>> Go to Current Issue

Philosophy of Management

Volume 11, Issue 3, 2012
A Unique Role for a ‘Philosophy of Management’

Table of Contents

Already a subscriber? - Login here
Not yet a subscriber? - Subscribe here

Displaying: 1-5 of 5 documents


1. Philosophy of Management: Volume > 11 > Issue: 3
Mark R. Dibben, Stephen Sheard Reason in Practice: A Unique Role for a ‘Philosophy of Management’
view |  rights & permissions | cited by
2. Philosophy of Management: Volume > 11 > Issue: 3
Laurent Ledoux Philosophy: Today’s Manager’s Best Friend?
abstract | view |  rights & permissions | cited by
The purpose of this paper is to rationalise why and how philosophy can help today’s managers in their daily practices.I will first explain why today’s managers particularly should engage themselves in profound and enduring dialogue with philosophers. To this end, I will present the close links between the major managerial activities and the major philosophical domains.In the second section, I will sketch out how such a dialogue can be facilitated. To this end, I will present some of the methods and conditions used to ensure the success of the practice of philosophy in organisations.
3. Philosophy of Management: Volume > 11 > Issue: 3
Scott MacMillan, Anthony R. Yue, Albert J. Mills Both How and Why: Considering Existentialism as a Philosophy of Work and Management
abstract | view |  rights & permissions | cited by
In this paper, we examine the intersection of existentialism and management, in particular to illustrate how existential thought offers three key insights to the pragmatic world of work and applied act of management: (1) Existentialism places a primacy upon the individual and the existential self that is continually being formed within the workplace. (2) Existentialism allows for a coherent examination of individual and organisational-level decision making and ethics as an integral part of the philosophy. (3) Existentialism is inherently ‘applied’ and focused on ‘process’ in that it allows for an understanding of the meaning of work.
4. Philosophy of Management: Volume > 11 > Issue: 3
G. Loek J. Schönbeck Is Pathology Dysfunctional?
abstract | view |  rights & permissions | cited by
An enterprising odyssey might be one way to investigate whether a unique role is afforded to ‘a’ philosophy of management. The question is, first, which philosophy is at stake and what finery such a philosophy might bear. Second, three cardinal questions arise: (1) “What can we say about it?“; (2) “How do we know we can or cannot say something about it?“; and (3) “What is its relation to rationality?” Third, by an old scepticist tradition one may choose tantalising innersubjects to punctuate these questions. In this case, the inner subject will run: “Is pathology dysfunctional?“ A survey of related problems and possible solutions mingled with suspension follows on from this. Supported by appropriate non-philosophical disciplines, it will serve as a crowbar to reappraise the relation between critical management studies and organisational studies on the one hand and philosophy of management on the other.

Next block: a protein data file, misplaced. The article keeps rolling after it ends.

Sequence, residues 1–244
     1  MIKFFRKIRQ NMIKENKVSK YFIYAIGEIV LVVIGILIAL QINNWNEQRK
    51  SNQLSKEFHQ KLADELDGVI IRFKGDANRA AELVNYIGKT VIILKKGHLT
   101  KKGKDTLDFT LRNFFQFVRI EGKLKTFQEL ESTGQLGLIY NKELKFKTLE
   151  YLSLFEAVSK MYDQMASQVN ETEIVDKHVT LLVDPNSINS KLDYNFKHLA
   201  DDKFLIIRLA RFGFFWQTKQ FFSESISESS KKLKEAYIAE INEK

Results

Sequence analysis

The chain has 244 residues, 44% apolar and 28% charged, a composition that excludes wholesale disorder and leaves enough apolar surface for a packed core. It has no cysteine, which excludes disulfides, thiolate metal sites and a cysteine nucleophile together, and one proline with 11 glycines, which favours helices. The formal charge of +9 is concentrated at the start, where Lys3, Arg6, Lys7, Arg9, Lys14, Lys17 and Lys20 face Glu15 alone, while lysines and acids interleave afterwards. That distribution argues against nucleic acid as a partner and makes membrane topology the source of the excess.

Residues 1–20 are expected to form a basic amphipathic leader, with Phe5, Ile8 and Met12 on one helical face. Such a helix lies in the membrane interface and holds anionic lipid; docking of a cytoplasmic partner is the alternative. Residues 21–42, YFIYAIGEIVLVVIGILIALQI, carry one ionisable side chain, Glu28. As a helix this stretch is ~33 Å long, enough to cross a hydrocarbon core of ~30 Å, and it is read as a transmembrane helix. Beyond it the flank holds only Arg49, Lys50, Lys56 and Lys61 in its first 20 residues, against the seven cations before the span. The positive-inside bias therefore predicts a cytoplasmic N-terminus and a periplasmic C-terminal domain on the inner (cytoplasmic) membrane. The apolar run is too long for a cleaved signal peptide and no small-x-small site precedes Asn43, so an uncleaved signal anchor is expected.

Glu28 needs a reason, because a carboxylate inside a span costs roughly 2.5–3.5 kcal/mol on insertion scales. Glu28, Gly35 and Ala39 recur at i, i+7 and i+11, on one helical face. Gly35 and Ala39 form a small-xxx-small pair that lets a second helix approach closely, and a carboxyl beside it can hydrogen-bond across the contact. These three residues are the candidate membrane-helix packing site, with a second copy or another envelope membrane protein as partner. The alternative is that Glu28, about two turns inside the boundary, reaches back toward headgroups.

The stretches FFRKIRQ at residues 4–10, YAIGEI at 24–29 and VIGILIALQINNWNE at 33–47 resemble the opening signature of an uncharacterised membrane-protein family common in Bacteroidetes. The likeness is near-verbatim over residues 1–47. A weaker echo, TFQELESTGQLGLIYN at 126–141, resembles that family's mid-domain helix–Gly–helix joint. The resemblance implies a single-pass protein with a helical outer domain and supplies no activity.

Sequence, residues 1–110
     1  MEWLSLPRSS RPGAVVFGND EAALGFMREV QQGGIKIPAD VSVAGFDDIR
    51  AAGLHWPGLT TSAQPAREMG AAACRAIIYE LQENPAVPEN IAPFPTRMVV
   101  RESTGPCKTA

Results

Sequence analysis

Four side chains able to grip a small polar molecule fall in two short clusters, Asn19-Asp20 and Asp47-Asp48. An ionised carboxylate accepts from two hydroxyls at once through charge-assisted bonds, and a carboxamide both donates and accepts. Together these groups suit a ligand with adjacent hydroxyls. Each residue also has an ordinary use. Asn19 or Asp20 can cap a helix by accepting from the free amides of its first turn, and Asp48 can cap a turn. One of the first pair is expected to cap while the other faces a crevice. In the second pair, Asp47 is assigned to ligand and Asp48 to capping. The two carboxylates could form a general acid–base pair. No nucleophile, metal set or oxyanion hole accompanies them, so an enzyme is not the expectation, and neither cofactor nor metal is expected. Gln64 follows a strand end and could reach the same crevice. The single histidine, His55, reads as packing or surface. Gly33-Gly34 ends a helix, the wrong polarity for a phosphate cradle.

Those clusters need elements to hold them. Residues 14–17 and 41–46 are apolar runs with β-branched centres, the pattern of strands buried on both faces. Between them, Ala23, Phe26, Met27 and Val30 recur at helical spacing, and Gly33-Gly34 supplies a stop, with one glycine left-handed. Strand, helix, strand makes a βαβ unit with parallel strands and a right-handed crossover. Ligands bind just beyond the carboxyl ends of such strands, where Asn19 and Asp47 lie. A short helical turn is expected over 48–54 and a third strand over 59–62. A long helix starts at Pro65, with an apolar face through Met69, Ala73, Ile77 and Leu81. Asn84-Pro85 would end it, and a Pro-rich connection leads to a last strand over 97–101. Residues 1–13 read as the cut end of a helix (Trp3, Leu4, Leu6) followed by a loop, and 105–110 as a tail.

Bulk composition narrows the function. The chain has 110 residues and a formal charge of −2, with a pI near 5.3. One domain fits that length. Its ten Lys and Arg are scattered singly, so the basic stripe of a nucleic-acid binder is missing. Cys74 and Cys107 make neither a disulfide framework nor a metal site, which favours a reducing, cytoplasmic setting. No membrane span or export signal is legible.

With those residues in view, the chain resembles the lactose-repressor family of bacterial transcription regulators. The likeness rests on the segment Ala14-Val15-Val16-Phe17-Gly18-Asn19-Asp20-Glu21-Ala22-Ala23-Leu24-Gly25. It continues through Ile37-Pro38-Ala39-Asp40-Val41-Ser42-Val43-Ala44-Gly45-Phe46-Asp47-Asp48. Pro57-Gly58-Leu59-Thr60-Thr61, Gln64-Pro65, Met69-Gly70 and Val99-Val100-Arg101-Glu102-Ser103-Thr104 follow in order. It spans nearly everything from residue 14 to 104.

5. Philosophy of Management: Volume > 11 > Issue: 3
Steven E. Wallis The Right Tool for the Job: Philosophy’s Evolving Role in Advancing Management Theory
abstract | view |  rights & permissions | cited by
In this paper, I build on Wittgenstein’s metaphor of a toolbox to introduce the metaphor of ‘tool confusion’ – how differing conceptual constructs may be applied, or misapplied, to one another and the effect that such applications have on the advancement of management theory. Moving beyond metaphor, I investigate a theory of management through two specific philosophical lenses (Popper and Lyotard). This analysis tests both the theory and the philosophies with regard to how each philosophy may be applied as a tool to advance theory towards more effective application. Preliminary conclusions confirm that the application of partial philosophies is not as useful as the application of complete philosophies. Deeper contemplation, however, suggests that there is no upper limit to the completeness of philosophies. Thus, the problem of completeness is inescapable. In place of completeness, I explore the use of perceptual tools that are more specific, foundational and concise. Engaging in a second investigation, I use structures of logic (circular, linear, branching and co-causal) to investigate the subject theory. This investigation suggests at least two important insights relating to the structure of theory and the fuzziness of theory. Combined, these investigations and related conversations suggest rigorous methods for advancing theories and a more normative role for the philosophy of management that will support the accelerated advancement of management theory and practice.